“The Society of Professional Journalists (SPJ), formerly known as Sigma Delta Chi, is the oldest organization representing journalists in the United States. SPJ has nearly 300 chapters across the United States that bring educational programming to local areas and offer regular contact with other media professionals. Its membership base is more than 9,000 members of the media.”
SPJ discovered the Glendale Young Authors program because Glendale Elementary is teaching six fourth and fifth graders journalism; when high schools aren’t even teaching it; as cited in a recent article by David Baxley.
According to Mr. Baxley, “Recently, I posed a question to students in my Introduction of Broadcast Journalism class: how were you exposed to journalism in high school? I looked around, and I was flabbergasted. Not one student provided any evidence he or she had ever even heard of “journalism” prior to taking mass communication courses at Francis Marion University. I also asked my students if their teachers in high school had ever encouraged them to read or watch news. Not one student raised his or her hand.
Our nation’s teachers are so bogged down with paperwork and preparing students for state and federally-mandated tests that little is being done to promote good writing and good journalism before students step foot in a college classroom.
Are there any high school newspapers anymore? Are there any assignments involving news? What are we teaching our students?
Writing is a way for young people to express themselves. Journalism helps students to understand history. Once teenagers recognize the positive impact of quality journalism, they will want to continue writing. Journalism needs young people now more than ever – the earlier, the better.”
On December 8, 2018, the Young Authors received this email from Michael Koretzky:
“I’m the SPJ national board member representing the southeast United States, and I’m currently the longest-serving director. SPJ’s Florida chapter held a board meeting last night. They were impressed… they’d like to send someone your way to help in any way you need.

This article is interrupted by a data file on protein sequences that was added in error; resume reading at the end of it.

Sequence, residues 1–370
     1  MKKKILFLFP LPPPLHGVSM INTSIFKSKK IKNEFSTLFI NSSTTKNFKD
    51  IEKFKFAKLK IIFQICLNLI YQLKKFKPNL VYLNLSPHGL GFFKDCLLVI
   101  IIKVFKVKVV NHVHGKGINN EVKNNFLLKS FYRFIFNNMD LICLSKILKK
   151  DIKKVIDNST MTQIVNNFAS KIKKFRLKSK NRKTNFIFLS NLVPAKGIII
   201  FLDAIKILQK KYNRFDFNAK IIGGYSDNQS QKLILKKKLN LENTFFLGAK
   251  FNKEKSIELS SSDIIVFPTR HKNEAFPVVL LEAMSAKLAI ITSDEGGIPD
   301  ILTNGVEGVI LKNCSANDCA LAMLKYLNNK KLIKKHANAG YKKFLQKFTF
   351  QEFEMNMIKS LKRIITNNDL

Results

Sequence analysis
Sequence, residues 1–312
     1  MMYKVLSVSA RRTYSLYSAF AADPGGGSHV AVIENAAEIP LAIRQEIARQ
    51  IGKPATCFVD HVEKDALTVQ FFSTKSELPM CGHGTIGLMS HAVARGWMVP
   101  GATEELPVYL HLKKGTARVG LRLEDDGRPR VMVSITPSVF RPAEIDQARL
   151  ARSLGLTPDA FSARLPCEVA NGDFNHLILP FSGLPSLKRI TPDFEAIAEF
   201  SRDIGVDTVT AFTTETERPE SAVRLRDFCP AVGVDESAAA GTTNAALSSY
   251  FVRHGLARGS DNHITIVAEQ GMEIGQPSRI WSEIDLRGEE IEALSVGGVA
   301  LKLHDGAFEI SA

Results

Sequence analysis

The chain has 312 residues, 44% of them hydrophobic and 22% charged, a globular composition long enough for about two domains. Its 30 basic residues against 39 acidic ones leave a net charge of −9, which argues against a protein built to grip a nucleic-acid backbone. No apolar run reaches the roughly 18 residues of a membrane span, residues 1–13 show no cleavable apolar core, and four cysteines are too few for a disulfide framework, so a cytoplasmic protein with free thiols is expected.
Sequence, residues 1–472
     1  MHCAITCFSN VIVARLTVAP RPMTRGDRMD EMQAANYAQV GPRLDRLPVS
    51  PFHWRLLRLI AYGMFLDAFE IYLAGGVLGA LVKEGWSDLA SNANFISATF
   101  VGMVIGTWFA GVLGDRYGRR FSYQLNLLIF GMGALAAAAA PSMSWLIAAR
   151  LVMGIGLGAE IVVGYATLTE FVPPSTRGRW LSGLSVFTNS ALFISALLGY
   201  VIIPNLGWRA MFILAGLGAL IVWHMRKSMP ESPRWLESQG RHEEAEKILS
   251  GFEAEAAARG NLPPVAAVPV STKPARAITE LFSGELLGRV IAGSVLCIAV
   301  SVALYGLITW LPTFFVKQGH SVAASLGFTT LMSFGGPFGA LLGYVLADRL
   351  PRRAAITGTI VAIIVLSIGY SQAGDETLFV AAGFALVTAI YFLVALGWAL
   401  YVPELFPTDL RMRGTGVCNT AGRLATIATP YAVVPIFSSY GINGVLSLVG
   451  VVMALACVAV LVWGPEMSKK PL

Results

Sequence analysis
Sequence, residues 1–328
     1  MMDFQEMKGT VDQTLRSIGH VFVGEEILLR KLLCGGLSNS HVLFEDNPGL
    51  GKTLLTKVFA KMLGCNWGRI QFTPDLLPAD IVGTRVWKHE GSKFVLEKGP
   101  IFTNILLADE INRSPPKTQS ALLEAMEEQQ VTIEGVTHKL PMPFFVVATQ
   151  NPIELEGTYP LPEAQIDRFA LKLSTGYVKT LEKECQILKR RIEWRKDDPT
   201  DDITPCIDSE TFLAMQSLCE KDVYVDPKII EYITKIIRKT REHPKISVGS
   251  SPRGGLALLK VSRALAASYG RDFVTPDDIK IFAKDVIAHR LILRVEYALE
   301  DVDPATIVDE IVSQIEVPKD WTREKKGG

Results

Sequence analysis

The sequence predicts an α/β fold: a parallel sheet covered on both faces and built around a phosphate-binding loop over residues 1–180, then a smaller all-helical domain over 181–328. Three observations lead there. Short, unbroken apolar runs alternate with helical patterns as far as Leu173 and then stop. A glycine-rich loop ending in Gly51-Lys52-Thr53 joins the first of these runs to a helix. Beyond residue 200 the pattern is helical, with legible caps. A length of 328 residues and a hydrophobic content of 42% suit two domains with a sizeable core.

[Wesley Wright, a representative of SPJ, will be visiting with the Glendale Young Authors on March 14. Mr. Wright is completing is Master’s Degree in Education Policy and Evaluation at Florida State University.]
For years, I’ve been beating this same drum, trying to get more resources for teaching students journalism by actually doing journalism. I’ll do what I can to not only support the program, but to document it for possible replication elsewhere.
I’ll still work out the travel arrangements, and subsequently publicize Wes’s appearance and then ask SPJ for a donation to the program.” [The SPJ website receives 10 – 15,000 views a month.]
According to Mr. Wright, “This program looks like it could instill other skills and habits, like developing accountability and even teamwork. The kids, I’m sure, will also become more media-literate, though you may not see the impact immediately.”
Ms. Kelly Baysura, Executive Director of Elementary Curriculum for the School District of Indian River County, FL, wrote: “This project is paving the way for our students with projects and work that mirrors the reality.”
Glendale Elementary’s journalism class includes six students (two = 4th grade / 4 = 5th grade) who meet one hour, twice a week.
The program began on October 1, 2018 and the six “Young Authors” have already produced two eight-page magazines; which were also carried at the Vero Beach Book Center.
Topics have included:
- “Dragons,” Creative fiction.
- “The Ten Greatest Threats to Humanity.”
- “The Role of Comics in Journalism.”
- “Techniques to Become a Prized Pianist.”
- “Why You Should Like Math.”
Jann Moylan, a Vero Beach board member of the small non-profit that underwrites the program said: “People may believe that they [fourth and fifth graders] seem too young to be thinking in these areas that they have chosen, but I am a mother and have seen the weight of the world on many children. For them to have an outlet to discuss is a gift. Facts of history that formed and influence journalism today should be shared.”
Research conducted for the 2019 1st semester, including PBS News Hour Student Reporting Labs, has all pointed to the fact that the Glendale Young Authors (4th and 5th grade) are mostly performing at a 7+ grade level.
The course meets 13 of the 43 Florida Language Arts Standards “READING STANDARDS FOR LITERATURE.”
This an opportunity for Glendale Elementary, and specifically, Ms. Baysura, Glendale Principal Adam Faust, Assistant Principal Michelle Banack and Curriculum Coach Renee Koppelman to be recognized for pioneering an innovative new way to improve literacy.
Mr. Koretsky, or -Koretzky as he is known: “..teaching students journalism by actually doing journalism.”